US Ambassador to Uganda Deborah Malac has challenged youth and students in particular to take up the responsibility to drive change in the country.
“The youth ought to value hard work, dedication and teamwork as partners to take responsibility of change in the nation. The future is not lost. It belongs to you, and you have the power to decide what kind of country Uganda will be,” Ambassador Malac said at a Public Administration and Governance symposium on Wednesday.
The Post-Election Symposium on Youth, Democracy and Governance was organised by the Uganda Christian University society and was attended by over 300 students of Political Science and Public Administration from Kyambogo, Makerere and Uganda Christian University. Several political activists also attended the symposium at Hotel Africana.
Deborah Malac was joined in the discussion by former minister Miria Matembe, Makerere’s Dr. Nasozi Mwanga and UCU’s Christopher Twesigye Christopher in the discussion.
“Yes, youth are frustrated. Many fear Uganda may never live up to its potential. But as I have told them, and will tell you now: That is simply not true. Uganda is filled with unlimited potential and energy, and you will be able to achieve great things. I believe it, and I hope you do, too.”
Malac said that despite what she considered democratic set-backs in Uganda, USA will continue to invest in individuals through programs organised under the U.S Mission. Malac said they were concentrating on individuals and NGOs due to mismanagement of funds.
“United States is not going to walk away from the Ugandan people, especially its youth. We will continue to work with you to help build the kind of country you want to see.”
Key remarks by Miria Matembe
“We need transformative leadership as a result of people’s demand. Uganda can be redeemed only by people of integrity, driven purposed, determined and assets in their communities (solve problems).”
“President Museveni is a product of rigged elections that has led to a spirit of fear, hopelessness among citizens. The president promised to get rid of opposition leaders within 5years after he had been won elections isn’t a sign of democracy,”
Key remarks by Dr. Nasozi Mwanga
“Vote buying, voter intimidation, vote and ballot stuffing have become the common features part of election process. Manifestos promise impossibilities, elected candidates aim at gaining state power and victimising public funds. We are ruled under deficit governance that needs to be addressed from different levels like national, regional and district.”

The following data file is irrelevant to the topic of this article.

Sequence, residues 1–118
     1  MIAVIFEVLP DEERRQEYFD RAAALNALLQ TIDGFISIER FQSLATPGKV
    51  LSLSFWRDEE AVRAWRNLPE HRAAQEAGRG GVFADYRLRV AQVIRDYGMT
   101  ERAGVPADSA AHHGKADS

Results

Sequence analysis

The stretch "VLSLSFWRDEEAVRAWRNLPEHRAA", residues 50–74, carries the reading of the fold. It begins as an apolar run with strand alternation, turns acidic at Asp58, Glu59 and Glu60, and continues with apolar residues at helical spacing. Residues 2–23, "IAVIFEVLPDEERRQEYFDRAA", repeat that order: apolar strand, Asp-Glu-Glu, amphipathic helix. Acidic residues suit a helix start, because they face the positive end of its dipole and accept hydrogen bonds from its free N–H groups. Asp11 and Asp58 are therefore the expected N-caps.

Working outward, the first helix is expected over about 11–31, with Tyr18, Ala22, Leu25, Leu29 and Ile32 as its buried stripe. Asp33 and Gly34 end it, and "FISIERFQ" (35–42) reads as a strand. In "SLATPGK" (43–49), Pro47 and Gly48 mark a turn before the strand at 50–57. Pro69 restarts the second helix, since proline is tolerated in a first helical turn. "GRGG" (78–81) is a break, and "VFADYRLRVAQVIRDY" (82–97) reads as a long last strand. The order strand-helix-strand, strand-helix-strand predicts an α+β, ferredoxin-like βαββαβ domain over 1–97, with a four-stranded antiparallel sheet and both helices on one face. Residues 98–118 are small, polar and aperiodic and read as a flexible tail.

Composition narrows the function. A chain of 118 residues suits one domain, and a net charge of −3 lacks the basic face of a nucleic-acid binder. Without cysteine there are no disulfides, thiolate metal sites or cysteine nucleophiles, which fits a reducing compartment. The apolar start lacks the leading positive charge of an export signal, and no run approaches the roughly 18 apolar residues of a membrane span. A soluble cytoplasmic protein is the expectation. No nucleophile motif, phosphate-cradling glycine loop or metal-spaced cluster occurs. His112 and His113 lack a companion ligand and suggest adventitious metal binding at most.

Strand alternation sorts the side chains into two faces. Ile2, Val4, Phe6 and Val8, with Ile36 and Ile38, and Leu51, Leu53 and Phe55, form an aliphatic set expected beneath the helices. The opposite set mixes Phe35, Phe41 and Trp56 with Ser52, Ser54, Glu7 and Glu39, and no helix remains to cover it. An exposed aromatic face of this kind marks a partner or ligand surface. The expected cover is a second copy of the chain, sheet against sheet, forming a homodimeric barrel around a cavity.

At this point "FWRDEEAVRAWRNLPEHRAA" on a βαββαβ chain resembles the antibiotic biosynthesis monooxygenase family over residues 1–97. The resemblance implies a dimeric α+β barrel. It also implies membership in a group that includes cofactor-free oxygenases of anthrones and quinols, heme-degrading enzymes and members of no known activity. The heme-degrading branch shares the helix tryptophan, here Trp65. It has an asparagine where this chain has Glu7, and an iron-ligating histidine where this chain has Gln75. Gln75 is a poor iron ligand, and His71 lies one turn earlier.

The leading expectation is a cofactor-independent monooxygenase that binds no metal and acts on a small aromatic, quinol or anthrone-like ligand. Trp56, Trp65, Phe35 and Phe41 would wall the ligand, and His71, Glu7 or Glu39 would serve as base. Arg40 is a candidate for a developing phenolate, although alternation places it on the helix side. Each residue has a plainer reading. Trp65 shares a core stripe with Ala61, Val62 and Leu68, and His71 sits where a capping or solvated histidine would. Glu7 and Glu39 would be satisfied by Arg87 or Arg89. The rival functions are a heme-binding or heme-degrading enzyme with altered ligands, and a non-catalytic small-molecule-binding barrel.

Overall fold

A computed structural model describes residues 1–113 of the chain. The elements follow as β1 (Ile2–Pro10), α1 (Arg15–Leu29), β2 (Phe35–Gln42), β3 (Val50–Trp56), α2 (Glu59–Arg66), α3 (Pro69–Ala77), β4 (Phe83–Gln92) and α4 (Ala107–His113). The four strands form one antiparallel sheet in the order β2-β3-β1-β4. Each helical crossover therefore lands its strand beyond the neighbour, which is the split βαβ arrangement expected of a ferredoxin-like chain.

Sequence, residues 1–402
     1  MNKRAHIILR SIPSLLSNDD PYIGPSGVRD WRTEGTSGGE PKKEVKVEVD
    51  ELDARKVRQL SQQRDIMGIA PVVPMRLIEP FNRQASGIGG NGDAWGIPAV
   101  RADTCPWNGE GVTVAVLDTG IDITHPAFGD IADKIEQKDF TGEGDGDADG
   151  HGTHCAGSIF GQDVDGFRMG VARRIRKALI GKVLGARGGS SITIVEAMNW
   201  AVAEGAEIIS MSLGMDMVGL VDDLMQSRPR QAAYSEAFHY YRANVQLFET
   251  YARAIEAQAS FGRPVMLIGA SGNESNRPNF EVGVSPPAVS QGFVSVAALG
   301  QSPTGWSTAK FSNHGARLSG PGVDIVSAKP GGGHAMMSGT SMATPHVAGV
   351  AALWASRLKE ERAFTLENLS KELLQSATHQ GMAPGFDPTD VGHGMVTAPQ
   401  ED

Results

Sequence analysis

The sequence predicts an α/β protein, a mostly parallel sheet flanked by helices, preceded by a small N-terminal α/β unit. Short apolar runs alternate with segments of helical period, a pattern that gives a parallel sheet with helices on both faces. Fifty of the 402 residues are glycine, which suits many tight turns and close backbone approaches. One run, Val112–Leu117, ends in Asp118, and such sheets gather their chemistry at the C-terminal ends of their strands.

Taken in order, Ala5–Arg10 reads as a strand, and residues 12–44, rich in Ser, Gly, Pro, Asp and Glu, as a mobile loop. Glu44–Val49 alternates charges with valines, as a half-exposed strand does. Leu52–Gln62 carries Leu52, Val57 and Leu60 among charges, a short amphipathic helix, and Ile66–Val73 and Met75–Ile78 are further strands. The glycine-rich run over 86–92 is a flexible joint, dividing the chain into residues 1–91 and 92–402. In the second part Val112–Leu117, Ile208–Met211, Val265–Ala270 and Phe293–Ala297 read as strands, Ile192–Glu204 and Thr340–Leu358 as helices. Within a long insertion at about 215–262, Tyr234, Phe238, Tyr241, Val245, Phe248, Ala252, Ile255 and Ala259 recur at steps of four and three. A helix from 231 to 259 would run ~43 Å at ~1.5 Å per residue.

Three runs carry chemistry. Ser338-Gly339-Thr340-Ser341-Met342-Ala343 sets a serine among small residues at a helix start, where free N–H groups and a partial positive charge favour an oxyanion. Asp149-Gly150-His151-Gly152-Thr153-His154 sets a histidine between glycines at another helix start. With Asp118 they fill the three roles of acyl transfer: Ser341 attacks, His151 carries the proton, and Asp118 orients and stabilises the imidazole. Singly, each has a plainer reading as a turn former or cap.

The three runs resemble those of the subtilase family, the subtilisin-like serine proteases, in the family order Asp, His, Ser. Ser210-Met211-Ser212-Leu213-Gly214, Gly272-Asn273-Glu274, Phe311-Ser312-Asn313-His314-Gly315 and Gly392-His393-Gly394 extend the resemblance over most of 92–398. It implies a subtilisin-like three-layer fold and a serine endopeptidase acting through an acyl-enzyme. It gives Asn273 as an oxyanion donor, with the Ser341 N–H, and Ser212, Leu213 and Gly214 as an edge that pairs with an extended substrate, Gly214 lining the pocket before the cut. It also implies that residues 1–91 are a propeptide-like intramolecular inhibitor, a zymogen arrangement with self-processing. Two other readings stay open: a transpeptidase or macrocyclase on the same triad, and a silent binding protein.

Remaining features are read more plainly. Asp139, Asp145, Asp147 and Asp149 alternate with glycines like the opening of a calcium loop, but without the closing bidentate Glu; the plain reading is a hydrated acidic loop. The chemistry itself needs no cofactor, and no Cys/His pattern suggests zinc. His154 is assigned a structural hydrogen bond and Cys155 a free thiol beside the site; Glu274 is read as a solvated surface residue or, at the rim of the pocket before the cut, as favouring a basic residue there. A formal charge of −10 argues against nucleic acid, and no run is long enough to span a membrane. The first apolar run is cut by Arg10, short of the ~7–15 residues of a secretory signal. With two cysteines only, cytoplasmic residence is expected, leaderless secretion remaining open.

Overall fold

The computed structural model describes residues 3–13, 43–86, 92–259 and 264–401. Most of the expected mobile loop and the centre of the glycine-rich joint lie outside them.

Key remarks by Christopher Twesigye
“It is telling that 40% were unwilling to go and cast their votes beside the 60% that voted. These were ‘Free and fair elections’ characterised by police intimidation, monetisation of elections”
“Youth don’t leave the future of our country to the men and women of yesterday that are in the evening of their lives.”
FULL Remarks for Ambassador Malac
Good afternoon. I am honored and pleased to be here and to join the other guests today for this discussion on youth, democracy and governance. These are crucial issues that matter, not just to me or the United States. The future of Uganda is of course critically important to all of you, as the future leaders, innovators, and entrepreneurs of Uganda. I hope today that we can have an open and frank discussion on the state of Uganda’s democracy and governance. I also hope this is the beginning of an ongoing conversation that involves Uganda’s youth and the country’s development.
Let me begin today by talking about the recent elections. I arrived in Uganda just before February 18. I talked with young voters who queued for hours waiting for ballot materials. I saw and heard their frustration.
Many of you here have seen or read the statements either the Embassy or the U.S. government made concerning the elections. In them, we have expressed our serious concerns about the elections and their aftermath.